Rolling vineyards surround us. Palm trees stand like sentries by the driveway. The crystalline sea hides, just visible on the horizon. And a battle rages. It is a fight played out daily in this idyllic setting, me against an army: iPads, computers, iPhones, TV and video games. The winning prize? The children’s undivided attention.
As an au pair, I thought the biggest challenge might be communicating with my host family or perhaps coaxing the kids to eat their vegetables at dinner. But in this age of technology, where 4- and 5-year-olds can operate an Xbox before they can read, the epic struggle is between real play and virtual play.
There is an entire genre of research and literature about this generation of kids, which journalist Hanna Rosin calls the “touch-screen generation” in a fascinating Atlantic article, and much of it is contradictory. Some research suggests unlimited access to the iPad and its relatives will mean the kids will tire of technology and eventually revert to real-life games; other studies imply that strict time limits are the best way to mete out technology access.
Personally, I have no idea which option is the best. If childhood development experts can’t agree on how to answer the iPad question, I’m certainly not going to try to implement my own rules on someone else’s children. All I know is that I’m here to play with and care for the children, to teach them English and most of all, to have fun with them. All of these things, as far as I’m concerned, involve human interaction and for this reason alone, the screens have become my enemy.
My main tactical strategy is to simply make myself more entertaining than the screens. With its thousands of games, bright colors, facility of use and instant gratification, beating the iPad can be an exhausting and daunting task. But luckily, I have a few of my own tricks up my sleeve. Riding bikes, making papier mache, playing tennis, baking cookies, painting, playing hide-and-seek, board games, Legos, cards and going to the beach are the most effective weapons in my arsenal of fun. I’ve even turned to “20 questions” to fill some boring minutes while we’ve waited for food to arrive in a restaurant.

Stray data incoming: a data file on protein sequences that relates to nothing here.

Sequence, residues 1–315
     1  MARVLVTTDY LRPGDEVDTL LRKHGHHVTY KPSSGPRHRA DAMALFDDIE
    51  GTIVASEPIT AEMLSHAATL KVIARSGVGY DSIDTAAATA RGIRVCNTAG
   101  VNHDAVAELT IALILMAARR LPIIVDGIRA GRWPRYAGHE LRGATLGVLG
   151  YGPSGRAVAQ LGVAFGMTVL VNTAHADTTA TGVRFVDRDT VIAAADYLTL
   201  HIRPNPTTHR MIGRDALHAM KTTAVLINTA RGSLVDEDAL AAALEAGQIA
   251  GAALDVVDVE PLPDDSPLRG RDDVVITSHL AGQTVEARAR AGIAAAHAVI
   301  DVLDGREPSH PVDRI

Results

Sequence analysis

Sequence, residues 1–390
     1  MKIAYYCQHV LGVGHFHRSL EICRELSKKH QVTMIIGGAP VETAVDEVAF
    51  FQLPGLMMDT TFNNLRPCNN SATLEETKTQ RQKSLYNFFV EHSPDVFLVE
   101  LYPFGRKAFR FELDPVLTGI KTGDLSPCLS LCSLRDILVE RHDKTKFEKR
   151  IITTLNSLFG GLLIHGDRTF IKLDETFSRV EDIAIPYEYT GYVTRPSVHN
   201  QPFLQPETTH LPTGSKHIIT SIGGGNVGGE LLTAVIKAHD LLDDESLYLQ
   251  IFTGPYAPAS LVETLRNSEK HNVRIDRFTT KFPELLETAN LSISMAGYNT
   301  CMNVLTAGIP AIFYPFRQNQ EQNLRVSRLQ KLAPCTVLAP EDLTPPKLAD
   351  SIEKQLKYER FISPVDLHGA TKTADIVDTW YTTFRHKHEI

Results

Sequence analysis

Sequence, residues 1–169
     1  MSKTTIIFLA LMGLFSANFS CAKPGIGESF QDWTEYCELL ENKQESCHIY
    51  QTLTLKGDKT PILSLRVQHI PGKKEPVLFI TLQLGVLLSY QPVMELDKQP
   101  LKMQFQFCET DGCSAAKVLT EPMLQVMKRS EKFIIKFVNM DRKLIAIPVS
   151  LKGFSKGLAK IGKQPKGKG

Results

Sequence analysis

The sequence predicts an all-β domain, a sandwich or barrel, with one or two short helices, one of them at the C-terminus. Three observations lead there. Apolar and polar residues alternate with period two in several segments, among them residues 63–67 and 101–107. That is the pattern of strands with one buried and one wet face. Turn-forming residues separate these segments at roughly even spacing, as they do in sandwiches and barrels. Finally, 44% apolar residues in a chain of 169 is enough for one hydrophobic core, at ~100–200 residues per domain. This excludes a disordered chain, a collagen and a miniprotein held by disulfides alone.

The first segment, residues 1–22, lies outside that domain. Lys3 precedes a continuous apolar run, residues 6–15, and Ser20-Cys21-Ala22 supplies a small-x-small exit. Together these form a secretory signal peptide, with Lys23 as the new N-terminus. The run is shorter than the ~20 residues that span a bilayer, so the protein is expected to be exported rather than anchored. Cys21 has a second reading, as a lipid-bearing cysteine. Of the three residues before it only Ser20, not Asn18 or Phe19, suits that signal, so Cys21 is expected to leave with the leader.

Maybe it’s because my family never had video games when I was growing up (we didn’t even have cable on our single TV set until I was 12); or maybe it’s because I spent so much of my childhood lost in the pages of books; or maybe it’s because I was just flat out terrible at every computer game I ever attempted, but I don’t really get the appeal of the screens. This makes it especially frustrating when the kids elect some silly app over a rousing game of tag or soccer.
But then I take a deep breath, remind myself of my mission — be more fun than the screens — and go back to the drawing board.
Usually, I succeed in luring at least one or two of the three children away from the screens. Yesterday I made biscotti with the 10-year-old girl and her friend who had come over to play; then, I played tennis for two hours with the 12-year-old boy and two of his pals. Later, I spent 30 minutes manning the “bad guy” in a confusing Lego scenario with the 5-year-old. Every time the kids put down the iPad and play with me, I count a small victory. And every time they learn another English word or phrase, I feel like even more of a winner.
The battle continues, however, and it’s becoming harder and harder to come up with innovative ideas for games. But I won’t give up. So, if you know of any entertaining activities for kids, please do tell me. I’m eagerly taking suggestions.
Laura Wagner is a rising senior in the College and a former sports editor of The Hoya. The Au Pair Diaries appears every other Monday at thehoya.com.